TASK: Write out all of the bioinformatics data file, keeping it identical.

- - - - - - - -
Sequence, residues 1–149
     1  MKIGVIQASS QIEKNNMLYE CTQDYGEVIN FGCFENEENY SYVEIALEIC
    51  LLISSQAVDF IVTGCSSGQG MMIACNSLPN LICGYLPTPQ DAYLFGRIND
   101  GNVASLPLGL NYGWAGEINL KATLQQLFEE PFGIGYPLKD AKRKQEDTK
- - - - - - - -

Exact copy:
Sequence, residues 1–149
     1  MKIGVIQASS QIEKNNMLYE CTQDYGEVIN FGCFENEENY SYVEIALEIC
    51  LLISSQAVDF IVTGCSSGQG MMIACNSLPN LICGYLPTPQ DAYLFGRIND
   101  GNVASLPLGL NYGWAGEINL KATLQQLFEE PFGIGYPLKD AKRKQEDTK